Growing semiconductor research capacity and workforce

Growing semiconductor research capacity and workforce

The College of Engineering at Oregon State University has been central to the semiconductor industry ever since the Silicon Forest first took root, back in the 1970s.

Last spring, Oregon State was selected to lead a Regional Innovation Engine for the Pacific Northwest’s semiconductor ecosystem, with $1 million in funding from the National Science Foundation. The RIE has already conducted two successful workshops with industry and academic partners — the first in September, in Hillsboro, and the second in December, in Boise. Plans are underway for a third workshop and the RIE’s first annual meeting.

In the fall, the college further extended its leadership role in this vital industry, with awards for three high-profile, federally funded initiatives aimed at innovations to grow the semiconductor workforce in Oregon and throughout the region.

  • Oregon State was selected to lead a federally designated Tech Hub focused on developing microfluidic technology for semiconductors, materials, and biotechnology, with eligibility to apply for future awards of $40 million to $70 million.
  • The National Science Foundation selected Oregon State to spearhead a $2 million effort exploring ways to help electrical components better withstand extreme operating conditions.
  • The university was named a partner institution for the $15.3 million California-Pacific Northwest AI hardware hub, which aims to accelerate new semiconductor technologies.

Leading teams at Oregon State for all three projects as principal investigator is Tom Weller, the Michael and Judith Gaulke Chair in Electrical Engineering and Computer Science.

“These awards represent a high level of confidence in Oregon State’s leadership and expertise in the semiconductor arena, as well as a significant financial investment by the federal government,” Weller said. “We expect that investment will yield some impressive returns — not just in developing better technology, but in creating jobs for Oregon, expanding the technology sector in the Northwest, and strengthening the economy of the United States.”

Tom Weller with student

Tom Weller talks circuits with a student.

Microfluidics Tech Hub

In October, the White House announced the selection of Oregon State to lead a federally designated Tech Hub focusing on microfluidic technology for semiconductors, with the University of Oregon and Oregon Health & Science University as key higher education partners. Oregon State is the only university nationwide to lead two Tech Hubs, with a second focusing on mass timber design and manufacturing.

The Corvallis Microfluidics Tech Hub, or CorMic, aims to establish global leadership in the development, scaling, and commercialization of microfluidics technology. Microfluidics refers to precisely controlling small volumes of liquid. HP Inc., a leading microfluidics technology company with a Corvallis manufacturing facility, is a key partner.

“Microfluidics is an enabling technology platform for key industry sectors, including semiconductors, biotechnology, and chemical manufacturing,” said Weller, who is principal investigator for the CorMic project. “For example, microfluidics-based cooling is the way forward for increasing semiconductor performance and massively reducing energy expenditures, which will have a national impact on fossil fuel pollution.”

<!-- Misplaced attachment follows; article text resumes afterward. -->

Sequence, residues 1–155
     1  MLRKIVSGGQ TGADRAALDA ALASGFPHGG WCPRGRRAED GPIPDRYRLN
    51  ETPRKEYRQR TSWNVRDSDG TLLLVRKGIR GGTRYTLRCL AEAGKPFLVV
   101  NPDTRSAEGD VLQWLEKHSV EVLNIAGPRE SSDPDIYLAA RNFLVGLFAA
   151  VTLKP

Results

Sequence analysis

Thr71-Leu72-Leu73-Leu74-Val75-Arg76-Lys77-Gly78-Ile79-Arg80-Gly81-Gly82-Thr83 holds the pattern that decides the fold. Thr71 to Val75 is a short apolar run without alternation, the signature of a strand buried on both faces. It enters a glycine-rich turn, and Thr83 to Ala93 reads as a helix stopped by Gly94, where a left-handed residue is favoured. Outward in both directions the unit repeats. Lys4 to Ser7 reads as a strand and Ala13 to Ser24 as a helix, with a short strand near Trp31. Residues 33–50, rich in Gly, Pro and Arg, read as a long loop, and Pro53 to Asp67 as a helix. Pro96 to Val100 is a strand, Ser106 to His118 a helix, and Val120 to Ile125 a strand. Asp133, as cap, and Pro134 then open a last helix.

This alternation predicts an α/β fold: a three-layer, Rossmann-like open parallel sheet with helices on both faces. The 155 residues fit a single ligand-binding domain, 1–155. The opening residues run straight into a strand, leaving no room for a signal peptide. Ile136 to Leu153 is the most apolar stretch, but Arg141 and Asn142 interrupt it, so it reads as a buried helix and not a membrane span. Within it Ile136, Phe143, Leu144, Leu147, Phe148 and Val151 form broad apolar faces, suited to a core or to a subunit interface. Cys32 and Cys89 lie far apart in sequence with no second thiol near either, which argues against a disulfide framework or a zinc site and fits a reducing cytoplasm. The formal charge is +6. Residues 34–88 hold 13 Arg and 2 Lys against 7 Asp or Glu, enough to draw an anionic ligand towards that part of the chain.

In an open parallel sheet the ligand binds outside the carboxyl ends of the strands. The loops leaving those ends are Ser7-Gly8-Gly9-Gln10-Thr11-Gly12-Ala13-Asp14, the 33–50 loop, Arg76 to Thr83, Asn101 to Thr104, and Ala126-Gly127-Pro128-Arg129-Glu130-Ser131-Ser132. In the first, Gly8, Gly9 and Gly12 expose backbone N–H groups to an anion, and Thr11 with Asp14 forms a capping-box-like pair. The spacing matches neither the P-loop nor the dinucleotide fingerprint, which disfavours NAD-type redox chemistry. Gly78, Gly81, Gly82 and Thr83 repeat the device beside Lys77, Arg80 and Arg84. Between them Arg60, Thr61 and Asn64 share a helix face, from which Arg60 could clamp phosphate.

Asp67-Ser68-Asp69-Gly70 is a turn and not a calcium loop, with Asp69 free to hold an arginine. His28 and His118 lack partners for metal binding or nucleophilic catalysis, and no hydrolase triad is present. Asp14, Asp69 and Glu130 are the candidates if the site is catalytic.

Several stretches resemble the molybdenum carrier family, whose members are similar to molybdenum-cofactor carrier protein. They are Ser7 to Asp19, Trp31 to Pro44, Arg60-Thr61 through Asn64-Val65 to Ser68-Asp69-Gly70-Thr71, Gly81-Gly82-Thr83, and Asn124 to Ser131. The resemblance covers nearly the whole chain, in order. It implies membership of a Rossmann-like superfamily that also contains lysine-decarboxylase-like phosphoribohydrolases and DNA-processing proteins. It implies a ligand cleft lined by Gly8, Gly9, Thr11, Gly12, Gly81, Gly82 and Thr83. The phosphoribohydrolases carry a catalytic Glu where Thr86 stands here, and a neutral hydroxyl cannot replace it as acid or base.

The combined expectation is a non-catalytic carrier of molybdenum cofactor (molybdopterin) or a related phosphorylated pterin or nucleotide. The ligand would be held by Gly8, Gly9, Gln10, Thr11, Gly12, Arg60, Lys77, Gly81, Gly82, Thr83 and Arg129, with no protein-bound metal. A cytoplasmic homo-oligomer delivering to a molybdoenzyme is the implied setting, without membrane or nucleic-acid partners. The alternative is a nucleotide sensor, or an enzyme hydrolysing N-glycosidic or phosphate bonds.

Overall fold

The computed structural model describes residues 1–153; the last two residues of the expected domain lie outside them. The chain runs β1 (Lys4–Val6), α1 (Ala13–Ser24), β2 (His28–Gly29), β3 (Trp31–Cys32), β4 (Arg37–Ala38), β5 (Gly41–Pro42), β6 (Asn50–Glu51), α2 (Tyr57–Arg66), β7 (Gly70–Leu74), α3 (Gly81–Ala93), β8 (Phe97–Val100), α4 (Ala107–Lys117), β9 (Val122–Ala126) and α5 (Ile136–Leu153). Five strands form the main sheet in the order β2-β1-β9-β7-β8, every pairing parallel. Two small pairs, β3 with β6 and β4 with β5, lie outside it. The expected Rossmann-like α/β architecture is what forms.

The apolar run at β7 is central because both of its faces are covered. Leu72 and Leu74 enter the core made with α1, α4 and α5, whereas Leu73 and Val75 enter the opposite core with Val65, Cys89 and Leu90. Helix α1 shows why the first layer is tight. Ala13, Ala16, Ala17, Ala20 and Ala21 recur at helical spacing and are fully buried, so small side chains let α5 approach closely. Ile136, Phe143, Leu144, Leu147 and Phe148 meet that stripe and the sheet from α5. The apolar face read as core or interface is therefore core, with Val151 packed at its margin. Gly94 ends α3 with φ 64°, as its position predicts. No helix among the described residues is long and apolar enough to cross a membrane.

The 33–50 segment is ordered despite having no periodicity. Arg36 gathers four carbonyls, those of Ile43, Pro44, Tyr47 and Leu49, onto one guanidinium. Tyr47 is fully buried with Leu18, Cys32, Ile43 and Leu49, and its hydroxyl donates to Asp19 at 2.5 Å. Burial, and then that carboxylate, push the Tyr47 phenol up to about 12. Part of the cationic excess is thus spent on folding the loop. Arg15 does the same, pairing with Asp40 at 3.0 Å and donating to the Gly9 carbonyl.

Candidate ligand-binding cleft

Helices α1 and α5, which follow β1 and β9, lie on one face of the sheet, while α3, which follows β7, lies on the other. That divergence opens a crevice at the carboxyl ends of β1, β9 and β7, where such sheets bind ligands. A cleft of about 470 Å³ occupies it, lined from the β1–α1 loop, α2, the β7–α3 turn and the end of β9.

Creating New Jobs

Weller conservatively estimates the project could ultimately create 1,500 or more high-paying jobs in Corvallis.

“CorMic brings together our region’s expertise, critical assets, and partnerships to enable innovation, accelerate technology development, and reduce barriers to market adoption for this technology with critical national security implications, establishing Corvallis as a self-sustaining, globally competitive microfluidics Tech Hub within the next decade,” he said.

Designation as a Tech Hub will allow the Oregon State-led projects to apply for awards between $40 million and $70 million. Five to 10 Tech Hubs are expected to receive those grants, which will total nearly $500 million.

"The CorMic Tech Hub is an incredible opportunity to leverage Corvallis and Oregon State University’s strengths – our technical expertise, innovation, and talent pipeline – to expand and enhance microfluidics applications in semiconductors, biotech, and more."

“The CorMic Tech Hub is an incredible opportunity to leverage Corvallis and Oregon State University’s strengths – our technical expertise, innovation, and talent pipeline – to expand and enhance microfluidics applications in semiconductors, biotech, and more,” said Scott Ashford, Kearney Dean of Engineering. “It builds on the already strong partnerships Oregon State has with CorMic’s key contributors.”

In addition to the Tech Hub designation, the microfluidics group received a $50,000 grant from the Department of Commerce to further develop the project. Business Oregon also provided a $50,000 local match.

What is Cormic?

The CorMic Tech Hub seeks to accelerate the commercialization of microfluidics technology for applications ranging from semiconductor cooling to biotechnology to the development of pharmaceuticals and advanced materials.

Fuse Project

Weller will lead another team in the quest for novel, artificial-intelligence-based methods to design and build long-lasting, high-efficiency electrical components for harsh-environment applications, such as high-power radar and the aerospace, automotive, and wireless communications industries.

“The semiconductor industry is reaching the limit of what is possible in terms of making devices smaller,” Weller said.